In a story we first reported and have been following, according to a published report by Rolling Stone, the surviving members of Soundgarden have denied Vicky Cornell’s claims that the band is withholding royalties of Chris Cornell’s from her and also denied her claim that she is the sole owner of several recordings Cornell worked on before his death in a new court filing. Cornell died from suicide on May 18th 2017. According to the report, “The motion, filed Tuesday and obtained by Rolling Stone, is a response to a lawsuit Vicky Cornell filed last December against her late husband’s former bandmates, Kim Thayil, Matt Cameron and Ben Shepherd, and the band’s business manager, Rit Venerus. Vicky accused the band of withholding royalties from the Cornell family to force her to turn over a handful of recordings made before Cornell’s death.”
Per Vicky’s suit, Vicky Cornell claimed Chris made seven recordings at his personal studio in Florida in 2017, and there was no explicit agreement that that they were for Soundgarden, making Cornell the exclusive owner. Vicky claimed that she agreed to share the unreleased recordings with Soundgarden, so long as they used one of Cornell’s “trusted producers” (revealed in a new court document to be veteran producer Brendan O’ Brien) and kept her informed about a possible album marketing strategy. She then claimed that Soundgarden eventually decided to bring in its own producer and told her that it wasn’t willing to go “through any type of approval process,” ostensibly in regards to the marketing strategy.
Additionally, Vicky accused the surviving members of Soundgarden of making false statements to the media about who owned the unreleased Cornell recordings, and the reason for the album holdup. She also alleged that Soundgarden was withholding money from her and her family “in an unlawful attempt to strong-arm” her into turning over the unreleased songs.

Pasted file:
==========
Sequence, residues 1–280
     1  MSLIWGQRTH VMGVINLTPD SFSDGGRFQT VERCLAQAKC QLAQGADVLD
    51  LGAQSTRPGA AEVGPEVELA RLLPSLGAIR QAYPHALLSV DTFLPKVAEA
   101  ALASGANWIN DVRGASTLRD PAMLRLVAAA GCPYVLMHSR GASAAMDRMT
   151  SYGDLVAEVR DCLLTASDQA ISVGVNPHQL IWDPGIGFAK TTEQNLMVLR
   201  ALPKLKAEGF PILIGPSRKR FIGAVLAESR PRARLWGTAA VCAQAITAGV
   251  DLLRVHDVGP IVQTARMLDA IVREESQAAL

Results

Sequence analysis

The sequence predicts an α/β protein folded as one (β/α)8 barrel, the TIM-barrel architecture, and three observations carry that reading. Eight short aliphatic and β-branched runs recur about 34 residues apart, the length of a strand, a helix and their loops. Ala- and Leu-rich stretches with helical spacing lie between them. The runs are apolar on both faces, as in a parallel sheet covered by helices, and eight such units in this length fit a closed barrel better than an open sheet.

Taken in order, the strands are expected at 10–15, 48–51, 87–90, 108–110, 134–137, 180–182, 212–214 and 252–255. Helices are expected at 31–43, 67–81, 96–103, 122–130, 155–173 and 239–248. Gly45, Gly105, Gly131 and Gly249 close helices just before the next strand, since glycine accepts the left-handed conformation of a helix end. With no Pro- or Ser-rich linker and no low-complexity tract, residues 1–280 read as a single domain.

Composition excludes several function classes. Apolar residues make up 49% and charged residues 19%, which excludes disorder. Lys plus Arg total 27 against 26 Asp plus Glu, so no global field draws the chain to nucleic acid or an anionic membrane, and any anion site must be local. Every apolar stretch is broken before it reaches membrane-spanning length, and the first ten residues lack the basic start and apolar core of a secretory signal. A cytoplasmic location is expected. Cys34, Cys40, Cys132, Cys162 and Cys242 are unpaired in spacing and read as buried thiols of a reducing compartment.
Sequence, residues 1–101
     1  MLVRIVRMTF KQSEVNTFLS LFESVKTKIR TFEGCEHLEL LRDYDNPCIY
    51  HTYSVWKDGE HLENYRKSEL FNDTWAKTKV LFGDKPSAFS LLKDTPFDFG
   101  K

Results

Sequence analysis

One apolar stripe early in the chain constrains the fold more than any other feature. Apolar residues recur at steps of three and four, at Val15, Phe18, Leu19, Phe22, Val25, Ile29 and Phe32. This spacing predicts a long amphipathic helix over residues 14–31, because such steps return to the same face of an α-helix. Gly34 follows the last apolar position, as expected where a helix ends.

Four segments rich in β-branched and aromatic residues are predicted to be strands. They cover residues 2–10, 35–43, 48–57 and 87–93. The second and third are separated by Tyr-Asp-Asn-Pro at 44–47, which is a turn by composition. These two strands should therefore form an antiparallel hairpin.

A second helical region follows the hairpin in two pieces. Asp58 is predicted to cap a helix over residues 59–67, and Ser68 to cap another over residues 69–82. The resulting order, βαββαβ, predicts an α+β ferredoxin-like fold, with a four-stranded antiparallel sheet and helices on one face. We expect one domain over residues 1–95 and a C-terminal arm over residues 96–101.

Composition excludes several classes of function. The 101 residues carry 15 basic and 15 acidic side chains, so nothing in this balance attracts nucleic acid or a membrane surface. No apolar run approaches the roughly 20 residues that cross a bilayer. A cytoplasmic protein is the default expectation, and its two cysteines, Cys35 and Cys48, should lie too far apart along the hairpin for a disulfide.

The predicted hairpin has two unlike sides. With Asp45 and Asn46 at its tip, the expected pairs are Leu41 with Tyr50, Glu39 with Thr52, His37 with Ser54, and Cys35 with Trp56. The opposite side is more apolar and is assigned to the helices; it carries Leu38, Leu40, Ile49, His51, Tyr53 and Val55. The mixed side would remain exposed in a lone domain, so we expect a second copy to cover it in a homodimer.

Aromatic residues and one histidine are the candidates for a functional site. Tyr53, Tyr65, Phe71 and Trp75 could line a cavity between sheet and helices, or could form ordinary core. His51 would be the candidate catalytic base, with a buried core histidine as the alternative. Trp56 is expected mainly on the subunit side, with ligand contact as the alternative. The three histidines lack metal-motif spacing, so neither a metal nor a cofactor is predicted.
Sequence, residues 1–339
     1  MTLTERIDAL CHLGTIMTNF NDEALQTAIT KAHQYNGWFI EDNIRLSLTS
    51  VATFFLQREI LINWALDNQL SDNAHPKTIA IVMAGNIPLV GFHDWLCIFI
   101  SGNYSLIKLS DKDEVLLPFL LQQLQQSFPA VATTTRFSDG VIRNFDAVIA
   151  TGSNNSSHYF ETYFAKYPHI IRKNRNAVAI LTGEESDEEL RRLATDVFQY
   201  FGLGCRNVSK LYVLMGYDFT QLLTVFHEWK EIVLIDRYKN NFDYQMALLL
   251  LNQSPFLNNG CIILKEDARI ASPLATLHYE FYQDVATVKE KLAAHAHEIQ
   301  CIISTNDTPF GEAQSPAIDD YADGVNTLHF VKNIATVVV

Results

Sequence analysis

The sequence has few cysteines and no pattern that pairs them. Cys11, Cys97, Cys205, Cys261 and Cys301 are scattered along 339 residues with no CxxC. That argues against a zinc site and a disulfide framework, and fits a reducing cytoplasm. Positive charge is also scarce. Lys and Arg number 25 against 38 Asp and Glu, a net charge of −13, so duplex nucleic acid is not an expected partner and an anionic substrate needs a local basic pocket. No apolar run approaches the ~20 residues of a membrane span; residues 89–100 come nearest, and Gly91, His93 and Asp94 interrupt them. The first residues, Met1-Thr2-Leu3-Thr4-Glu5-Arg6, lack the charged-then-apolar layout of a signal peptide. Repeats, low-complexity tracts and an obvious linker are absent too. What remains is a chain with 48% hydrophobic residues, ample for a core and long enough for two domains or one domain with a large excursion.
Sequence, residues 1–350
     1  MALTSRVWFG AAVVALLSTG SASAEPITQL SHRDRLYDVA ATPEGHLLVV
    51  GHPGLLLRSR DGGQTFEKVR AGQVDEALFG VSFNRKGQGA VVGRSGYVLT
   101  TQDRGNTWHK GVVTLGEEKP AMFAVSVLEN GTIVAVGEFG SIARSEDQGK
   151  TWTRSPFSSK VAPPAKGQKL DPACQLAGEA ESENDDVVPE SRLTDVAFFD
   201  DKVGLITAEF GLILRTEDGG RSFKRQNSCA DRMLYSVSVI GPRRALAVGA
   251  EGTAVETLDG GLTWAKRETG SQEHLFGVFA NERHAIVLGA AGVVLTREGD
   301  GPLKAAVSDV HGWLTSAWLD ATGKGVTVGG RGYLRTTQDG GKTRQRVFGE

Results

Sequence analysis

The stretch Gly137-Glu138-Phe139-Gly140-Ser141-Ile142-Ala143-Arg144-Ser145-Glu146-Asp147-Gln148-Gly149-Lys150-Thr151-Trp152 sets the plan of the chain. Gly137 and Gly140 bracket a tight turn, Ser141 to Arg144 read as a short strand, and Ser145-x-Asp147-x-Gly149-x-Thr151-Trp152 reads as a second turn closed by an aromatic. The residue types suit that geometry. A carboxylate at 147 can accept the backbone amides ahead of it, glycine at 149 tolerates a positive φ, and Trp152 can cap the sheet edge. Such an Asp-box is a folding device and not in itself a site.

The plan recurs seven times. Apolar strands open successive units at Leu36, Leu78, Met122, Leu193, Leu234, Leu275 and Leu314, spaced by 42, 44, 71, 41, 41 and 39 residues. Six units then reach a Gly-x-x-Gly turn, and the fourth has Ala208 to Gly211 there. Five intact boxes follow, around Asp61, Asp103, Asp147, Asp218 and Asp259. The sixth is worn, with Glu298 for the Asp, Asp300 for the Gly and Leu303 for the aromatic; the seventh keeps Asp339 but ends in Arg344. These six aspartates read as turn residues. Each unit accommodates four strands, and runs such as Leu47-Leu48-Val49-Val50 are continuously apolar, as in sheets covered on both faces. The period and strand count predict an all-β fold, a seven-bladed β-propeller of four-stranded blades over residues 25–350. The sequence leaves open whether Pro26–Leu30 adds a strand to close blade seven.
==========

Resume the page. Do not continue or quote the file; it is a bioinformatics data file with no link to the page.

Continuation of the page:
In the new filing, Soundgarden claimed that the unreleased recordings stem from writing and recording sessions that date back as far as 2015. The band also rebuffed Vicky’s claim that it’s purposely withholding money from her, with the motion stating that no one in the band is being paid at the moment, and won’t until “the Partnership, by vote of the Remaining Partners, formally elects to make such a distribution.” The motion also takes umbrage with Vicky’s decision to file her lawsuit in Florida, claiming she has no real connection to the state and that Washington would be a more appropriate jurisdiction.
“We don’t have possession of our own creative work,” Soundgarden said in a terse statement to Rolling Stone. A representative for Vicky Cornell did not immediately return Rolling Stone‘s request for comment.
You can read the full court document at Rolling Stone. We’ll continue following this story as it develops.